I’ve spent most of my career defending environments of all sizes. What I’ve found is that the job of a defender is much less flashier and thankless as compared to an “ethical hacker.” While there are volumes of articles, guides, and talks on penetration testing and the latest attacks, there isn’t much on defending or security monitoring. With plenty of free tools and exploits for attackers (such as the venerable Kali Linux), there doesn’t seem to be as much excitement for building similar tools for defenders. In fact, there’s a notion that in order to properly defend a network, you must spend thousands or even millions of dollars.
Enter “Open Security Monitoring”, or “OSM”, which I refer to as a system of integrated open source security tools working together to secure networks of all sizes and all budgets. Why open source? There are three specific advantages:
- Cost: Open source security tools are freely available for anyone to download and install. This makes the barrier to entry much lower for convincing management to implement these tools.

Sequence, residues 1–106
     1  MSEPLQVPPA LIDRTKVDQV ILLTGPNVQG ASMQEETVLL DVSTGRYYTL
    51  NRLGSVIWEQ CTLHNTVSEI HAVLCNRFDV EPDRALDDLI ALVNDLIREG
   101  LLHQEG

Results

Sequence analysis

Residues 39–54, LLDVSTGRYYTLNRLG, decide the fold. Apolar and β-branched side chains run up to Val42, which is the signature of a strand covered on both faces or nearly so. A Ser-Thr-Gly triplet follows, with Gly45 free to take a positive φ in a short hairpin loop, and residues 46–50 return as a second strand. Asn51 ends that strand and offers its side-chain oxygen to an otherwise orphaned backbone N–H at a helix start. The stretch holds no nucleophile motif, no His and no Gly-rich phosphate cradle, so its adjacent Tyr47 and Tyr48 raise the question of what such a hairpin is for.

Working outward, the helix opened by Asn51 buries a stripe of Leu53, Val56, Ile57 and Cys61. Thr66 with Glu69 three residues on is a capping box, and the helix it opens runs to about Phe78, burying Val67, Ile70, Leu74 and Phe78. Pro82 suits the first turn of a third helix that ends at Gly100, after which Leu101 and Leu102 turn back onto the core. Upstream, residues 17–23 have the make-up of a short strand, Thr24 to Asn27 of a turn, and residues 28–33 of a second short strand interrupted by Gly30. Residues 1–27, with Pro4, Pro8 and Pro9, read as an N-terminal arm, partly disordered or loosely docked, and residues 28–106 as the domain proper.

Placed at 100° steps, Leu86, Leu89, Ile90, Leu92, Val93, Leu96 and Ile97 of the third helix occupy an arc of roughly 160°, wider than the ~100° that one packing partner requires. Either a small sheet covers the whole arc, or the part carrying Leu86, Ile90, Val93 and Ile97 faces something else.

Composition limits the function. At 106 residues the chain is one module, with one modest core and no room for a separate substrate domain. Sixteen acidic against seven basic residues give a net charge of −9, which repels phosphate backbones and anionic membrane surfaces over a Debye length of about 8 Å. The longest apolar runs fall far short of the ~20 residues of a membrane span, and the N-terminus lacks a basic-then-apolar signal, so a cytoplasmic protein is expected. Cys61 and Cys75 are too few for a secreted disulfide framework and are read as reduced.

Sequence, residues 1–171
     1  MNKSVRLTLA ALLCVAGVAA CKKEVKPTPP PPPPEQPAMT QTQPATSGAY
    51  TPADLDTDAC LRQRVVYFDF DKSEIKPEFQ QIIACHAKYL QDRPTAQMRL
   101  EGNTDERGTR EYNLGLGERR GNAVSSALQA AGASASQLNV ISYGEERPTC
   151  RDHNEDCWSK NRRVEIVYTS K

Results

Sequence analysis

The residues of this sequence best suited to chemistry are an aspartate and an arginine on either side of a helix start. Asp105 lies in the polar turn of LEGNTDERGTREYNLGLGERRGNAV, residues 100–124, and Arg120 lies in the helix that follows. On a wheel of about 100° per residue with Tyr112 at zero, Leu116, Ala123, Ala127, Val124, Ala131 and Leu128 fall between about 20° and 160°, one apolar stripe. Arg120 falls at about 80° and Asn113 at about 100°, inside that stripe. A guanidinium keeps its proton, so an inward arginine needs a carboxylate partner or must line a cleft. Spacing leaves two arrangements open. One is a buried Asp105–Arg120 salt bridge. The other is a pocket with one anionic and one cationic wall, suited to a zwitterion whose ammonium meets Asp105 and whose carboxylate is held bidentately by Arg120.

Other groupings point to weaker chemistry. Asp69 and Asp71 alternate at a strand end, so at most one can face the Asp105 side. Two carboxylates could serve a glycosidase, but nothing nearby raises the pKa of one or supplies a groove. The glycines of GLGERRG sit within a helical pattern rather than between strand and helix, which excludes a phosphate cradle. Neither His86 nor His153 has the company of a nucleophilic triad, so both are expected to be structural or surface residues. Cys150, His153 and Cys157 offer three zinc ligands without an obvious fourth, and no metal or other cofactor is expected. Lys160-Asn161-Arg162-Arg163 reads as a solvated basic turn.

- Transparency: The source code can be viewed and edited by anyone, making it clear how it works. If it doesn’t do something you want it to do, you’re free to modify the code to fit your needs. I’ve always found the best way to learn and understand something is to take it apart and look at how all the pieces work together. It’s no different with security tools.
- Quality: Just because it’s open source and “free”, doesn’t mean it’s a lesser tool than something costing thousands of dollars. In fact, many are better than anything commercially available because they’re built and supported by a passionate community that isn’t looking to simply make the next big sale.
In this series, I will walk through key OSM components and the relevant tools I’ve used to defend real-world environments:
- Intrusion Detection/Prevention System
- Network Security Monitoring
- Host Intelligence
- Security Analytics
You could certainly achieve this without using open source tools, but the point here is that you can build a robust security monitoring architecture with limited financial resources. And if you have some money to spend, open source security tools complement commercial systems well. Each environment is unique and you’ll likely have a mix of open source and commercial products.
We’ve defined the concept of Open Security Monitoring and why there is a need for open source security tools. Next, we’ll explore the first of four OSM components, intrusion detection/prevention systems.